Saturday, September 13, 2014


India’s Index of Industrial production grew by 0.5% in July, a sharp climb-down from the earlier peaks of 5% in May 2014 and 3.40% in June 2014. However, if we were to look at the growth figure for the last 4 months (April to July 2014), IIP has grown by 3.3% against a contraction of 0.1% in the same period of 2013-14. Index of Industrial Production (IIP) is one of the key indicators of the industrial activity in a country. IIP index is composed of 3 broad heads with manufacturing sector having the highest weightage of 79% followed by Mining & Electricity.

Are IIP & GDP correlated? Let’s look at the sectoral break up in the GDP for the FY 2013-14. 60% is dominated by services followed by agriculture and manufacturing at 14% and 26% respectively. Hence, slowdown in the manufacturing sector need not necessarily have an adverse impact on the country’s GDP.

In the next 5 – 6 years, the working age population of our country is expected to rise from 804 million to 856 million, requiring 10 million jobs per year. The Ministry of Labour’s “Third Annual Employment & Unemployment Survey 2012-13”, published  November last year, shows that the unemployment among graduates (from the lesser known colleges) stands at 32% vs illiterate youth at a mere 3.7%, signalling lack of inclusive growth and growing economic imbalances.

The new Government at the centre is focusing on manufacturing led economic revival than big bang reforms. As per the CMIE (Centre for monitoring Indian economy), projects worth Rs 22,700 Crores were stalled in the march 2014 quarter due to delay in getting clearances from various ministries.  Environment, Power & Road ministries apart from the Project Monitoring Group in the cabinet Secretariat have been at the forefront of urgent execution. In all likelihood, the impact of the same should manifest to better IIP Growth in the next 2-3 quarters.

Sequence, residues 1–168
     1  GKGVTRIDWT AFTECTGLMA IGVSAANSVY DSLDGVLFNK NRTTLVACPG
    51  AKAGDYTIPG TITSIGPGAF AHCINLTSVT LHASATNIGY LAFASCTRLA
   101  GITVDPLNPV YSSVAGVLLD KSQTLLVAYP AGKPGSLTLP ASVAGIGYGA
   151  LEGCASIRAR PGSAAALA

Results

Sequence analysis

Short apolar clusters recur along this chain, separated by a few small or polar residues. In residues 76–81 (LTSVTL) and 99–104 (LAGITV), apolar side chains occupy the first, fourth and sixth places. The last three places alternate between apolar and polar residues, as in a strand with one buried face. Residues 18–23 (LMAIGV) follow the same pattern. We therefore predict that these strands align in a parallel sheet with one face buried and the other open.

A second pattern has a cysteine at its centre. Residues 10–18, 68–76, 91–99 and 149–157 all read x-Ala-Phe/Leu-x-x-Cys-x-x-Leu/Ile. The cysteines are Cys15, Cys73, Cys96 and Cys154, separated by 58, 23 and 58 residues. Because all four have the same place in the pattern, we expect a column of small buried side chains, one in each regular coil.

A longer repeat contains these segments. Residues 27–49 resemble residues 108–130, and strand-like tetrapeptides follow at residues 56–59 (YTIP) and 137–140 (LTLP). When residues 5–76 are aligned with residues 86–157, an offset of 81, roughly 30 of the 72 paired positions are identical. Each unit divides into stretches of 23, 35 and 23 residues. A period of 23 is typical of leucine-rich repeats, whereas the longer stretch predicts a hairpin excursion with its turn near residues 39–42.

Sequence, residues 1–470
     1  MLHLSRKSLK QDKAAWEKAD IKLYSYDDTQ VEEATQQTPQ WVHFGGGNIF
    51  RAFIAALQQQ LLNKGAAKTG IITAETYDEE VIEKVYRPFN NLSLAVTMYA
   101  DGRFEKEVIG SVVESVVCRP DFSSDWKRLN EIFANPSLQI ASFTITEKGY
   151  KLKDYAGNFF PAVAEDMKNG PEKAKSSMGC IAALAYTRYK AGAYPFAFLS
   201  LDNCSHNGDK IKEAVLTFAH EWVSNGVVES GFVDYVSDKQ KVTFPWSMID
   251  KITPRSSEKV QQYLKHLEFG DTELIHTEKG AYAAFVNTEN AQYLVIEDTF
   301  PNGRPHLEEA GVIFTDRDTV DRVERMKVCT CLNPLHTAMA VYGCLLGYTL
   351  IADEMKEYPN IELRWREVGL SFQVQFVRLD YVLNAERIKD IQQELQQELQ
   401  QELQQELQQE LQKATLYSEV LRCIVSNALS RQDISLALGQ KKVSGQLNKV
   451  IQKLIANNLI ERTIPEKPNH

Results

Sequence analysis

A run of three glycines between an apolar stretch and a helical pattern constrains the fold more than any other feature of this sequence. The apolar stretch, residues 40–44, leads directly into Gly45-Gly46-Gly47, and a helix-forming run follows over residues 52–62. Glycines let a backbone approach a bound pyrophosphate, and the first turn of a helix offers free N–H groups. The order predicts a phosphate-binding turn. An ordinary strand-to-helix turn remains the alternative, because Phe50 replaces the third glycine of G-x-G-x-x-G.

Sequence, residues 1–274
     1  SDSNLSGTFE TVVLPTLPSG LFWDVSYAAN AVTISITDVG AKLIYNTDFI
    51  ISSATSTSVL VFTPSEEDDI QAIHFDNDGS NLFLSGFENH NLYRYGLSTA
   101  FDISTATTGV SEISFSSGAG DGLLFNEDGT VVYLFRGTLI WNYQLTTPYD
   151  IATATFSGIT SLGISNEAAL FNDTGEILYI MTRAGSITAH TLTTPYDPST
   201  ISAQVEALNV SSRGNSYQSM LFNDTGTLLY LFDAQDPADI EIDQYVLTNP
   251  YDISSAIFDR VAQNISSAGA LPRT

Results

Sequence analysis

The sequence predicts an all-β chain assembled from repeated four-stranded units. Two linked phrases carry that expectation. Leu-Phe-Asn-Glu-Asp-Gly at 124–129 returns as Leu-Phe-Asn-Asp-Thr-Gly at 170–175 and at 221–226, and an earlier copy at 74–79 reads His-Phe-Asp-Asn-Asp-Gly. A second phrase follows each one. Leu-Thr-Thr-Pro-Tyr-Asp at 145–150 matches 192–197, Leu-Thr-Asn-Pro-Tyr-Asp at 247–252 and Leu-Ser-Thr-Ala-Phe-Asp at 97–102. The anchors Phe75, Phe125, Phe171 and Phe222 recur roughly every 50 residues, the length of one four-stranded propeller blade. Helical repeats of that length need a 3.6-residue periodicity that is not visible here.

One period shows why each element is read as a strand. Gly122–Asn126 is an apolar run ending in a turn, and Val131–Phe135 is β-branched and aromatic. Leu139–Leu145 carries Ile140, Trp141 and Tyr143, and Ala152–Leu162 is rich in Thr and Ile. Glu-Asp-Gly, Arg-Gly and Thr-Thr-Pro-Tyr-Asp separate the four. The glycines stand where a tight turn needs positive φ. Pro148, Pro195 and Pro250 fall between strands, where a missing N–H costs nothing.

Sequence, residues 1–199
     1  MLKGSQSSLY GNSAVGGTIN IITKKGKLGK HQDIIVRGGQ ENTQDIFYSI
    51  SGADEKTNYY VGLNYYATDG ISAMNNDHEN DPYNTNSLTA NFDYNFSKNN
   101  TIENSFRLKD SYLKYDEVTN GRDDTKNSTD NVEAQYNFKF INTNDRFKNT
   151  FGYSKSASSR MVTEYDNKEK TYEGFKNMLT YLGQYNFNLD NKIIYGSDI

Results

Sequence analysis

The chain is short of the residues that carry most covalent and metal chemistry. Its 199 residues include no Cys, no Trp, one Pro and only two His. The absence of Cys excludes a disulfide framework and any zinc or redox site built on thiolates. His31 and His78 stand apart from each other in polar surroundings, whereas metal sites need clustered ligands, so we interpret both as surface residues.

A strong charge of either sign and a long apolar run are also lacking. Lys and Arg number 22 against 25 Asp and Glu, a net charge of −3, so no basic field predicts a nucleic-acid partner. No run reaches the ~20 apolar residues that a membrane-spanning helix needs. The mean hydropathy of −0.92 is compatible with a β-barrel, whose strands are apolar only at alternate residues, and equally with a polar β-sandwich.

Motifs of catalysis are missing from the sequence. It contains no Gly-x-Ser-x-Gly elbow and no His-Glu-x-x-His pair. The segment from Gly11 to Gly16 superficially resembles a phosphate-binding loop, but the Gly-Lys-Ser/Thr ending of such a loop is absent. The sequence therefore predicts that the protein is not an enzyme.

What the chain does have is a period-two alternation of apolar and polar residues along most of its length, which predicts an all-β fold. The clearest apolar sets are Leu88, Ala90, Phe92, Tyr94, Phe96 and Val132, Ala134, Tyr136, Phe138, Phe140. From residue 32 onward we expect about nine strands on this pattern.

CPI based inflation softened marginally to 7.80% in august compared to 7.96% the previous month. The silver lining is core inflation (minus food) eased to 6.8% for the first time since 2012, providing some room to the central bank for a potential rate cut if the trend continues at least for the next 2 quarters. Debt fund investors are better placed in short duration income funds given the favourable risk return trade off.

Equity has been the darling of the market.  In the last one year NIFTY delivered an absolute return of 37% and majority of the same has come in the last 6 months led by strong FII inflows. On an YTD basis, FII’s have pumped in over 12 billion USD in the Indian stock market.

Investors should not be swayed by the near term performance but have realistic performance expectation to avoid disappointment.  The following table would give some food for thought.

17% CAGR
11% CAGR
17% CAGR

Happy investing!

Disclaimer: Views are personal.No content on this blog should be construed to be investment advice. You should consult a qualified financial advisor prior to making any actual investment or trading decisions. All information is a point of view, and is for educational and informational use only. The author accepts no liability for any interpretation of articles or comments on this blog being used for actual investments, Table data as on 10th september 2014

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